Restoring the Abel Tasman together

We’re working with Abel Tasman Birdsong Trust, the Department of Conservation (DOC), iwi (Ngāti Rārua, Ngāti Tama and Te Ātiawa) and the community to restore the park’s rich wildlife and ecology. Together we’re getting rid of pests and weeds, bringing back native birds and bush, and inspiring a culture of care for Abel Tasman.
We believe that, with appropriate action, we can set the park on a path to recovery and enable its ecological fortunes to be reversed within the next three decades. Our mission is to secure, restore and future proof the ecology of the park by 2042, the 100th anniversary of the park’s opening.



Protecting existing ecological values


Restoring specific ecosystems and re-introducing birdlife

Future Proof

Embedding a passion for ongoing conservation


Controlling pests and weeds

Introduced weeds and animal pests are the leading cause of ecological decline in the park (after human activity).
By controlling the main offenders (rats, stoats, possums, wasps, wilding pines and weeds) and stopping them reentering or spreading through the park, we can give the native wildlife a chance to recover and set the park’s ecology on a path to recovery.
Weed species identified
Rats trapped
Stoats & weasels trapped


Bringing back the wildlife

We’re bringing the birdsong back to Abel Tasman. What once was a silent forest is now, in parts, a chorus of chattering native birds. Since 2014 kākāriki, kākā, tieke/saddleback and pāteke/brown teal have all been translocated into the park. We’re also looking out for existing populations of native bats, giant land snails, tui, bellbirds, weka, weta and more.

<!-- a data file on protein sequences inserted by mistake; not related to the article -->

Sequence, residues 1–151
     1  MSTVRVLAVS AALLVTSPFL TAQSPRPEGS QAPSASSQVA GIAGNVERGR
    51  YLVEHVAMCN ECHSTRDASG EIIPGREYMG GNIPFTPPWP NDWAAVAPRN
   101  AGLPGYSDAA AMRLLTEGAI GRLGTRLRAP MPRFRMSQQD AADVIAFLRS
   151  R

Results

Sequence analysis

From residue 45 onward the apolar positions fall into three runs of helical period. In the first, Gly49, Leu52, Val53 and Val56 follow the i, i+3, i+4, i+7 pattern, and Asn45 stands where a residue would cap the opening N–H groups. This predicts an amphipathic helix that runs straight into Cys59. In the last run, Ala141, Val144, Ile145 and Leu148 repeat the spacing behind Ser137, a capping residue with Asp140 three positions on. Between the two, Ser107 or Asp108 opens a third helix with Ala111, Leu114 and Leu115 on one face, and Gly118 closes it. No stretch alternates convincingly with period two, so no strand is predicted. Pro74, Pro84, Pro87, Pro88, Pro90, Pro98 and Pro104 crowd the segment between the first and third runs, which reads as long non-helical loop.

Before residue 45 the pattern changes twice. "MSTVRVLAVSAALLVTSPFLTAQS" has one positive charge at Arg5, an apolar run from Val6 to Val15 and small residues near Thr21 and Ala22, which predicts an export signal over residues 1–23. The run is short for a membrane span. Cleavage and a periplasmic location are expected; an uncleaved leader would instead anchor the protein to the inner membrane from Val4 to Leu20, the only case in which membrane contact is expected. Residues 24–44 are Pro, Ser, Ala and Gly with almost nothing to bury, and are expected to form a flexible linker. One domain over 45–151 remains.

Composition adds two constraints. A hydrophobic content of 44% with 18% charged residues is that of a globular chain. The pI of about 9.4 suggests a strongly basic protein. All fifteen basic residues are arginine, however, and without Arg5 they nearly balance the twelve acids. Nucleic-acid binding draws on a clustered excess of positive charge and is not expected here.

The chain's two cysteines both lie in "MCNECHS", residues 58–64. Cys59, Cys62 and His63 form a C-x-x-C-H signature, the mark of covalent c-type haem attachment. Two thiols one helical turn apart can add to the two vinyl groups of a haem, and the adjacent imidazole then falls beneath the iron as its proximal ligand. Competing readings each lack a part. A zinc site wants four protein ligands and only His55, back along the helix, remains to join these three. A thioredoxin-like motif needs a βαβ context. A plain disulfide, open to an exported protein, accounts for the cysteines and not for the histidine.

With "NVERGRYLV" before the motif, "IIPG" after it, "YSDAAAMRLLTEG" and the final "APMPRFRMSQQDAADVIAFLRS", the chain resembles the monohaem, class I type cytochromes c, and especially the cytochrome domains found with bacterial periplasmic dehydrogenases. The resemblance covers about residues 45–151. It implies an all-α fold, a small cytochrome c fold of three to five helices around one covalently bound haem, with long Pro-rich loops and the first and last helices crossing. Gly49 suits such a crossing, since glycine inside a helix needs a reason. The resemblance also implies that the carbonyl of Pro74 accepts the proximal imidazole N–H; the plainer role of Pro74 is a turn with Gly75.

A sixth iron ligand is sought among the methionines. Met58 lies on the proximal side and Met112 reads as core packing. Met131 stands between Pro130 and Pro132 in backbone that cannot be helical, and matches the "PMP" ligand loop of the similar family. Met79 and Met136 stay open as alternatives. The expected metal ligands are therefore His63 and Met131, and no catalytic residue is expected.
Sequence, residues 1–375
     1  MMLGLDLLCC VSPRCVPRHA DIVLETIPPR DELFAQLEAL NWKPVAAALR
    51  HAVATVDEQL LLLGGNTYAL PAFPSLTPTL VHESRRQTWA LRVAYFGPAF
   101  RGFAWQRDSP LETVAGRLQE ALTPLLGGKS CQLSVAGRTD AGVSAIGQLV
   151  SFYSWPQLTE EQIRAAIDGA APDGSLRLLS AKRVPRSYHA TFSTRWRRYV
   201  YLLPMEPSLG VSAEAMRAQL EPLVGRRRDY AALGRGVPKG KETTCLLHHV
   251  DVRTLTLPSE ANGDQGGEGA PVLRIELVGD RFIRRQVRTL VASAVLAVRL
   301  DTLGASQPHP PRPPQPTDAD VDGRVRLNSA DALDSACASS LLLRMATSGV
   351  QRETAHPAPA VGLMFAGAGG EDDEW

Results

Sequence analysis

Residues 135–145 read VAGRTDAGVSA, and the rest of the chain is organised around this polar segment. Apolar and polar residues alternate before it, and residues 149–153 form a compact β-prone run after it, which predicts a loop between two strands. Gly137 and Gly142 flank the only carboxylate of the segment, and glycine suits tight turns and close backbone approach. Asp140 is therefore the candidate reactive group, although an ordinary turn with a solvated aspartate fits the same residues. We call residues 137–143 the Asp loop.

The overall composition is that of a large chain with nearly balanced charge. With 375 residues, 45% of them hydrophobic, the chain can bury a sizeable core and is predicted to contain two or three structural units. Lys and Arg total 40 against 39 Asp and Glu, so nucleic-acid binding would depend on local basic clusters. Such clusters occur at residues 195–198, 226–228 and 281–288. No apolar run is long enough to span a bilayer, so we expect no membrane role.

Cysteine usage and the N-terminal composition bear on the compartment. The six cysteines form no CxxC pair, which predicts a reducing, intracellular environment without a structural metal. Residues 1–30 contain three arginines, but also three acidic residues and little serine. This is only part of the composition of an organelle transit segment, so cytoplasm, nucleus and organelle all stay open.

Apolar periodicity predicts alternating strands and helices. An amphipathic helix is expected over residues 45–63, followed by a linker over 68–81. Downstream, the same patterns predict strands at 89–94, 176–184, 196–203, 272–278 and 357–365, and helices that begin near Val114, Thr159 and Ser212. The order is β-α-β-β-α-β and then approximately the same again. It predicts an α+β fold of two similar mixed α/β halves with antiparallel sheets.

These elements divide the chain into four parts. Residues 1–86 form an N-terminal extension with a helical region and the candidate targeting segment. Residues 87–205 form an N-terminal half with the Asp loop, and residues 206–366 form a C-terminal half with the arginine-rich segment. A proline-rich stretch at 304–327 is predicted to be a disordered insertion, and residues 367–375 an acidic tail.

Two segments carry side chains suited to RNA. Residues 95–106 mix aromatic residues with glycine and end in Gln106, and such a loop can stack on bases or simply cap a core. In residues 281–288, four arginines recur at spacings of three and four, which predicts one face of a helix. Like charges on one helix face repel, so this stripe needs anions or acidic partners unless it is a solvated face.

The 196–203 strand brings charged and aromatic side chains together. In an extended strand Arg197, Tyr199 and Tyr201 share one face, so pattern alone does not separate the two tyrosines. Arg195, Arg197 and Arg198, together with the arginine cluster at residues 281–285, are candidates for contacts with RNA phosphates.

As we reduce the numbers of rats, stoats and possums we expect to expand the range of the birds living in the higher reaches of the park (like toutouwai/robin and titipounamu/rifleman), to the coast – via predator free corridors. One day soon, we hope to return species like whio/blue duck and mohua to the mainland and tuatara to Tonga Island.   
Kakariki released
Kaka released
Natives planted at Hadfield Clearing
Northern Rata planted


Inspiring care for the Abel Tasman

An ecological restoration project of this scale requires the support of a whole community. We’re fortunate to have incredible backing from iwi, local businesses, residents, bach owners and schools.
We’re passionate about getting more people involved in conservation and caring for the park, especially the next generation. We offer education programmes and volunteer opportunities, and have developed a unique info app specifically for the park. If you love the Abel Tasman and would like to give something back, get in touch – there are lots of ways you can help.  
Students engaged in education programme
Abel Tasman Phone App downloads
WIFI spots operating
“Personally, I have been really blown away by the reaction to this project.  This was something I was passionate about and as soon as you start to talk to people you see a mixture of excitement and disbelief I think, in their eyes. Disbelief that anybody would put up this sort of resource and disbelief that we are going to take a long term view of it.”

Devon McLean, Project Janszoon director

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